When people get pissy about me asking for their zip code, I simply tell them why. I get paid less from you in the end because you don’t want to give up your zip code. These people will trust us with their cars for hours after just meeting them but think I am invading their privacy when I ask for a zip code attached to the CC. In the end it’s a ¬Ω% point for these transactions, I don’t want to make less money because someone is being difficult. Multiply this over the course of a year and it adds up to a significant amount of money. The difference between staying in business and closing the doors for some people‚Ķ

    • oldgraygeek says:

      @gravitus: I accept card transactions at the customer’s house on a paper imprinter, and punch them into my terminal when I get back to the office. When I manually enter a card number, my terminal asks for the address (house number only) and the Zip code.
      The conversation usually goes like this:

      I take the imprint, write down the amount, and ask, “Is this house the billing address for this card?”
      “Yes, it is.”
      “This is house number 742, right?”
      “Yes.” I write it on the slip.
      “What’s your Zip code?”
      “02657.” I write that down.
      “Thanks. I get charged higher transaction fees if I don’t enter that information.”
      They sign the slip, and get a copy that includes their house number and Zip code.

      Then, I enter the address info into my terminal as part of the transaction process.
      I prefer to openly admit that I will use that info to get the lowest transaction rate. Since I have already showed up at the customer’s house, they don’t mind confirming those parts of their address.

  7. Eldritch says:

    I don’t understand? They ask this in places like Victoria’s Secret and Bath & Body

  8. krunk4ever says:

    Personally I have nothing against asking zip for purchase and even prefer it in some situations (i.e. unmanned transactions like at gas stations or self-checkout lanes) which helps prevent fraud.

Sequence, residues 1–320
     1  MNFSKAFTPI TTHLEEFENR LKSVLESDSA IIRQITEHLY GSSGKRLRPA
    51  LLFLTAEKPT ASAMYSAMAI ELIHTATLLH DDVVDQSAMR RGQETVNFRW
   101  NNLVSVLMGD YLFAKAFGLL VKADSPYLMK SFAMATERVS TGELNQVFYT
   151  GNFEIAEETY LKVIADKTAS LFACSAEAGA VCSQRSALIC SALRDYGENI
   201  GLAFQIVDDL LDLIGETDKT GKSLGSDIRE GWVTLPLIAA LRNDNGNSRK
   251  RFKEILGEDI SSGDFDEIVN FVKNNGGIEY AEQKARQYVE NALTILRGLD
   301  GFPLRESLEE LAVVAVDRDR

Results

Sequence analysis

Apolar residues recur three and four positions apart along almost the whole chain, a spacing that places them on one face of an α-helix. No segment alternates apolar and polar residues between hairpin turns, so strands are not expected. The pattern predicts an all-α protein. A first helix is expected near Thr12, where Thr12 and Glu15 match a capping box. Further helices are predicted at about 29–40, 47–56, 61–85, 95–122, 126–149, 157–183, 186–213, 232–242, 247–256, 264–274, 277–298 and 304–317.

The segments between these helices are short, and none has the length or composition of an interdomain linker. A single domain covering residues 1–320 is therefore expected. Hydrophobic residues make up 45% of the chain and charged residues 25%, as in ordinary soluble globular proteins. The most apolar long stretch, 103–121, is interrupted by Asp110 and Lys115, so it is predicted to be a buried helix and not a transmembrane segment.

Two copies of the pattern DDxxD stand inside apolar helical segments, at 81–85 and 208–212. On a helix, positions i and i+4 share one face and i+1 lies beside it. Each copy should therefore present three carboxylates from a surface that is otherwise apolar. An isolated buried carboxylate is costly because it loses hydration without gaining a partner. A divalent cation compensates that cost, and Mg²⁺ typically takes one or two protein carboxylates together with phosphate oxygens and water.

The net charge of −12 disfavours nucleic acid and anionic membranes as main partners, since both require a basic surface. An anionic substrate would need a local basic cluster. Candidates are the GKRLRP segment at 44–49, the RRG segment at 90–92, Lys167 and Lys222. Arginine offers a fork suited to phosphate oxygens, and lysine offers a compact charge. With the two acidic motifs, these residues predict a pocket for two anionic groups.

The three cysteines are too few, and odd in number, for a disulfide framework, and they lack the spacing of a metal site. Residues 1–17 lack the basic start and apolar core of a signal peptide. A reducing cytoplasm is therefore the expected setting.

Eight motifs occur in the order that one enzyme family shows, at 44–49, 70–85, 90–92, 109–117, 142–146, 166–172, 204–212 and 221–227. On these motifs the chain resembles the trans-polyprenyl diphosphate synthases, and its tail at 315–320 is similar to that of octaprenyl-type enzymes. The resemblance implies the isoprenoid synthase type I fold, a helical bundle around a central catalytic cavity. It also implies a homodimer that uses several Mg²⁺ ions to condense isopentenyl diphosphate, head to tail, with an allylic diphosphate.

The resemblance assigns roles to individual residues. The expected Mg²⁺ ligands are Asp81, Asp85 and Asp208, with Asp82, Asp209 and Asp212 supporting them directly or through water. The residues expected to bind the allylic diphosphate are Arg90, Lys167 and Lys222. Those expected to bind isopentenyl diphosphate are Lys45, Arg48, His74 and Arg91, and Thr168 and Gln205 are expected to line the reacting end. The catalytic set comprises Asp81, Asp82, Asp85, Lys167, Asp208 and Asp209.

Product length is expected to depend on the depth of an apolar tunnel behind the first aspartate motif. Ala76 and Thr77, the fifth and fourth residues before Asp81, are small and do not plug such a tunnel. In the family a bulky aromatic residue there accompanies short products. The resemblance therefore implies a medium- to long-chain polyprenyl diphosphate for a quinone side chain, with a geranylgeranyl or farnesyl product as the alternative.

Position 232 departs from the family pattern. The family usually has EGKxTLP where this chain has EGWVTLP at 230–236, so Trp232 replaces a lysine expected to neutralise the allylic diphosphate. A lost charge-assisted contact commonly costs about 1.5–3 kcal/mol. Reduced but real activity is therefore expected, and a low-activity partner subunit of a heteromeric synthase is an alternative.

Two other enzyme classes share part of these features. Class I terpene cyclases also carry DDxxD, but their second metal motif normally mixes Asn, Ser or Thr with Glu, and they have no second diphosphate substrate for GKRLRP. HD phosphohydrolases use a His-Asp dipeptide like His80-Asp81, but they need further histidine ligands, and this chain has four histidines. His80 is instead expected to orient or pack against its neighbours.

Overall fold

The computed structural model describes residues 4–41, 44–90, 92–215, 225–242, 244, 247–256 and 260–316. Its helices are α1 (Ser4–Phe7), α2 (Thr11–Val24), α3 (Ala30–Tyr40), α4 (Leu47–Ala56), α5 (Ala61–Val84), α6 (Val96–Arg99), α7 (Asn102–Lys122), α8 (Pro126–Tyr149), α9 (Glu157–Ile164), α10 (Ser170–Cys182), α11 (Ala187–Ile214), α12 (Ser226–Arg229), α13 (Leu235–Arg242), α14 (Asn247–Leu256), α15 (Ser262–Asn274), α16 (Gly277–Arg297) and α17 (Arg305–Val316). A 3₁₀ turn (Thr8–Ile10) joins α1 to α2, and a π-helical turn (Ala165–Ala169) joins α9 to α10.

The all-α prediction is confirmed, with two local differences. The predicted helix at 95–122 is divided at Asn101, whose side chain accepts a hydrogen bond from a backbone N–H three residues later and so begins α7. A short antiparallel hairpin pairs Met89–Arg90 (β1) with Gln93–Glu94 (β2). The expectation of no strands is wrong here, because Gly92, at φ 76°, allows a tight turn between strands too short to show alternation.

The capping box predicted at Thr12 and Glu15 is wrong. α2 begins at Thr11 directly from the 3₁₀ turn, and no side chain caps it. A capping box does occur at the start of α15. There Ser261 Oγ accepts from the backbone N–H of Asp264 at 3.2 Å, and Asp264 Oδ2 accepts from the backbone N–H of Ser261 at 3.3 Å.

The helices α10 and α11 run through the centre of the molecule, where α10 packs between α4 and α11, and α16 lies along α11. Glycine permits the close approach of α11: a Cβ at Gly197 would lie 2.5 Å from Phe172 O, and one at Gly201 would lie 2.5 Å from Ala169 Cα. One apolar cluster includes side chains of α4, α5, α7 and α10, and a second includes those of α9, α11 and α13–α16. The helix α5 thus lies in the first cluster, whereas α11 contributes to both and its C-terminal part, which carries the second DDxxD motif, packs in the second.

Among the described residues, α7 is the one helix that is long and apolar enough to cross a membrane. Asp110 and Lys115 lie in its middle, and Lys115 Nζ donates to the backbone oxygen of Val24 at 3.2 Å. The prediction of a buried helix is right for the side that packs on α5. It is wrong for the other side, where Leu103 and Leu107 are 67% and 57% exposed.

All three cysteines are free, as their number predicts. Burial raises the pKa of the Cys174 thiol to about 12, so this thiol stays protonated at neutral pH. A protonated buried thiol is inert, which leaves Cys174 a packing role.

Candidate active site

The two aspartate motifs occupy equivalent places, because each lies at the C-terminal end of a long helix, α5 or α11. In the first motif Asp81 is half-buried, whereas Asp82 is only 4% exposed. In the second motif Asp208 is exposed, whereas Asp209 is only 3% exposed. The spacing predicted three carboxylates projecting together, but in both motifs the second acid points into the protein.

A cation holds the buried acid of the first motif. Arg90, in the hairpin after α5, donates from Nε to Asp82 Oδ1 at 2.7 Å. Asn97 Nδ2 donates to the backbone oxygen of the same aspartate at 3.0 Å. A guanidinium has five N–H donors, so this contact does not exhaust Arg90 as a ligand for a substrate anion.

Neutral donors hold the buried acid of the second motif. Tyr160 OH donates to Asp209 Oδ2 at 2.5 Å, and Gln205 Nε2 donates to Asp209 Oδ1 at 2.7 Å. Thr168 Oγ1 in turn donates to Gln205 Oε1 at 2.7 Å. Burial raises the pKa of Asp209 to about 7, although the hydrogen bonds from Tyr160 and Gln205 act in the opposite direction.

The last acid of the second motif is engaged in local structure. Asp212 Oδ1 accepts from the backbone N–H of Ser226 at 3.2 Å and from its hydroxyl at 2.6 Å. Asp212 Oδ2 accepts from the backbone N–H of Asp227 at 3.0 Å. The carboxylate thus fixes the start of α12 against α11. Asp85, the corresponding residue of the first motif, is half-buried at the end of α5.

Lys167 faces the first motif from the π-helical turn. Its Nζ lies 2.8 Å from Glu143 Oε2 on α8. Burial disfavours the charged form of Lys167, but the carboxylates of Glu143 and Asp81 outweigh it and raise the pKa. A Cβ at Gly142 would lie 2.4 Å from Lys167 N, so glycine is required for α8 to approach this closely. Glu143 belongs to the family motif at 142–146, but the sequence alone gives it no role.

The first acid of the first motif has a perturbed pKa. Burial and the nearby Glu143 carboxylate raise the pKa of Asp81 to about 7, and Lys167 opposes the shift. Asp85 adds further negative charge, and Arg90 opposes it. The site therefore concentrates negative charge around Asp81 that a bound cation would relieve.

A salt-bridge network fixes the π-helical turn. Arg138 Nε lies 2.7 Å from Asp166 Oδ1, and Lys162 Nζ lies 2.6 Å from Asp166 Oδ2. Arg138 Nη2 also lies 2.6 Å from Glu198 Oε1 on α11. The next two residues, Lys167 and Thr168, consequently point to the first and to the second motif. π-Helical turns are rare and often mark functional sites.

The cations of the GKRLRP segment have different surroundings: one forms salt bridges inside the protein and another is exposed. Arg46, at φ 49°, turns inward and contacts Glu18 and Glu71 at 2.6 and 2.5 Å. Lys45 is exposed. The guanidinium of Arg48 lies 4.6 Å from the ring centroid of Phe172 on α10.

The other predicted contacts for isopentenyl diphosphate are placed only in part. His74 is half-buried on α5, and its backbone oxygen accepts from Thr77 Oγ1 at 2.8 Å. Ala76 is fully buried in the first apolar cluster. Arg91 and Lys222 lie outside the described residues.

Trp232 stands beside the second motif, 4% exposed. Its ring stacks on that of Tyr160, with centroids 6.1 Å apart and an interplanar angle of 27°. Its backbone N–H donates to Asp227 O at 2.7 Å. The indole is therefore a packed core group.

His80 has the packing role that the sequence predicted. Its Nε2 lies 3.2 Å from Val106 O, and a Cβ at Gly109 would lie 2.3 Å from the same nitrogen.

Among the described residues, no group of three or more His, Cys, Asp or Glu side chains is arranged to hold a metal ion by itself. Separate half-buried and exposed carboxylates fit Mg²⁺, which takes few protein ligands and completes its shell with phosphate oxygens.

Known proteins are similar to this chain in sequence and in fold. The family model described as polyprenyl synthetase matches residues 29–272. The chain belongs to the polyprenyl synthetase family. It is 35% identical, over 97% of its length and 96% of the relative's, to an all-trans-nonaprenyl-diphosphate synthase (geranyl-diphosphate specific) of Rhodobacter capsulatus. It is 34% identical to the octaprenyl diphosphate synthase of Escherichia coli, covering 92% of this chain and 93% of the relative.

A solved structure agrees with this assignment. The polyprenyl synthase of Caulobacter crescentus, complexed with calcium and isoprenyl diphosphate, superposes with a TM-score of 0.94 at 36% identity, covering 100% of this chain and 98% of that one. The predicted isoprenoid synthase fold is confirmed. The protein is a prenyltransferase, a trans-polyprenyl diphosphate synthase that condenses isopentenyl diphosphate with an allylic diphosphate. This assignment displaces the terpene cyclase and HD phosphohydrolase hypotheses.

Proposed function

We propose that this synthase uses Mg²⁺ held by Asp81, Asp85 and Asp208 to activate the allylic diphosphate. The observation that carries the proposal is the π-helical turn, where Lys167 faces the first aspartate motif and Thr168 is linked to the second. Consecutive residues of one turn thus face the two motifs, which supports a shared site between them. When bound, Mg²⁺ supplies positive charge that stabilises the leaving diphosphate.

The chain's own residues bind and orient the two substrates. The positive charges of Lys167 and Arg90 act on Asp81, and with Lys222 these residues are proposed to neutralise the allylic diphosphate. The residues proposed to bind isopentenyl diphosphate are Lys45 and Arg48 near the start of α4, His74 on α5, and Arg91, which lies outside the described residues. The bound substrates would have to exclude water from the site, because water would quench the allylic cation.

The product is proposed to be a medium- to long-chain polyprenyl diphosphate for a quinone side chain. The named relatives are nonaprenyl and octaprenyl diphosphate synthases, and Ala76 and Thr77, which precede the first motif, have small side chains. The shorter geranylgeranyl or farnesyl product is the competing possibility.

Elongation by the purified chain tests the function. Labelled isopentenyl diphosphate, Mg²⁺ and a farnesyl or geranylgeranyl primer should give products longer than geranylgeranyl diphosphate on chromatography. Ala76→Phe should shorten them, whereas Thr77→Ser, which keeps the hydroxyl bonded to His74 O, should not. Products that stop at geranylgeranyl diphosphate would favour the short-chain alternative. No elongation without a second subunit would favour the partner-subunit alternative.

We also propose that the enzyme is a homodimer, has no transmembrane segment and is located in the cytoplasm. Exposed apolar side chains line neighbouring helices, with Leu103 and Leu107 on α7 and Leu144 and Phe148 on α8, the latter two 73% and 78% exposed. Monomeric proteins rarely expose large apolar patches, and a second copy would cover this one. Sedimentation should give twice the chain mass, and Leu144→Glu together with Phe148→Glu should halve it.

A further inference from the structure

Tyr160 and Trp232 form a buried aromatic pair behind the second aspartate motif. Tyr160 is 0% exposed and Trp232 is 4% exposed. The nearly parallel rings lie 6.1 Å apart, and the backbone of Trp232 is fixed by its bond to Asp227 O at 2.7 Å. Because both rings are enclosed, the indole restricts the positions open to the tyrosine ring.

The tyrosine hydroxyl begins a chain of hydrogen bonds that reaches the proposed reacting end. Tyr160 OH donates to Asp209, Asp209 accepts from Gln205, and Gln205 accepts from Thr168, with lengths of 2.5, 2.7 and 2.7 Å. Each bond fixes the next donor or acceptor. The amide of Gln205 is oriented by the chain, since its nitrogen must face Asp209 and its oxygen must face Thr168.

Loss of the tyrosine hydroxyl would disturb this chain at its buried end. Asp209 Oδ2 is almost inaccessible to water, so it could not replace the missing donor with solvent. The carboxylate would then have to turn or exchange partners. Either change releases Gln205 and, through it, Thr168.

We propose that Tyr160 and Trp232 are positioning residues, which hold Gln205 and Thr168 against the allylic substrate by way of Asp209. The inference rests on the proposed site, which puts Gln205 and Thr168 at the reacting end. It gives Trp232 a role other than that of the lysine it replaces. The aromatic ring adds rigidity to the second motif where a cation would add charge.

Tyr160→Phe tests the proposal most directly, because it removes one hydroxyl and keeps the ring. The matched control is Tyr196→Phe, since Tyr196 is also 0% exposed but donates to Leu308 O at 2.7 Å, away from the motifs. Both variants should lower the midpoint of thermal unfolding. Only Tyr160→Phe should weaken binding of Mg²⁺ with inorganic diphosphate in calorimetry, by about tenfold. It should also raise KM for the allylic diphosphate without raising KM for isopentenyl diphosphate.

You’re already asked your FULL billing address when you purchase online, so I don’t really see what the big deal is.

  9. Mega Mike says:

    and be done with it

  10. Mega Mike says:

    thats travelzoo.com

  11. stillthesame says:

    They just asked me for my phone number this morning here in Tucson, AZ – anybody know anything about that?

  12. el-brazo-onofre says:

    In a word, LAME. What about my frickin’ ZIP code is private? Anyone can grab my property deed from the deeds office, and there are plenty of names and addresses in the phone book. What can Sports Authority do with my ZIP code that invades my privacy? “Oh, I see you live in a 10-mile vicinity of A-town.” It helps their marketers and that’s it. Nothing personal. Damn.

  13. oneandone says:

    It doesn’t bother me in terms of privacy, but I don’t want to help them build their marketing database. I don’t like targeted ads, and even though sometimes I like to fill out surveys, I don’t want to information collected about me & my shopping patterns without my consent. So I decline to give my phone number and zip code, and so far haven’t had a problem. It doesn’t seem to be used for preventing theft – just building marketing databases. I want to be able to opt out.

  14. cedarpointfan says:

    Let me guess…

    The 20 dollar voucher does not include: The North Face, Under Armour, Nike, Adidas, Coleman, Puma, Worth, Everlast, Diadora….etc…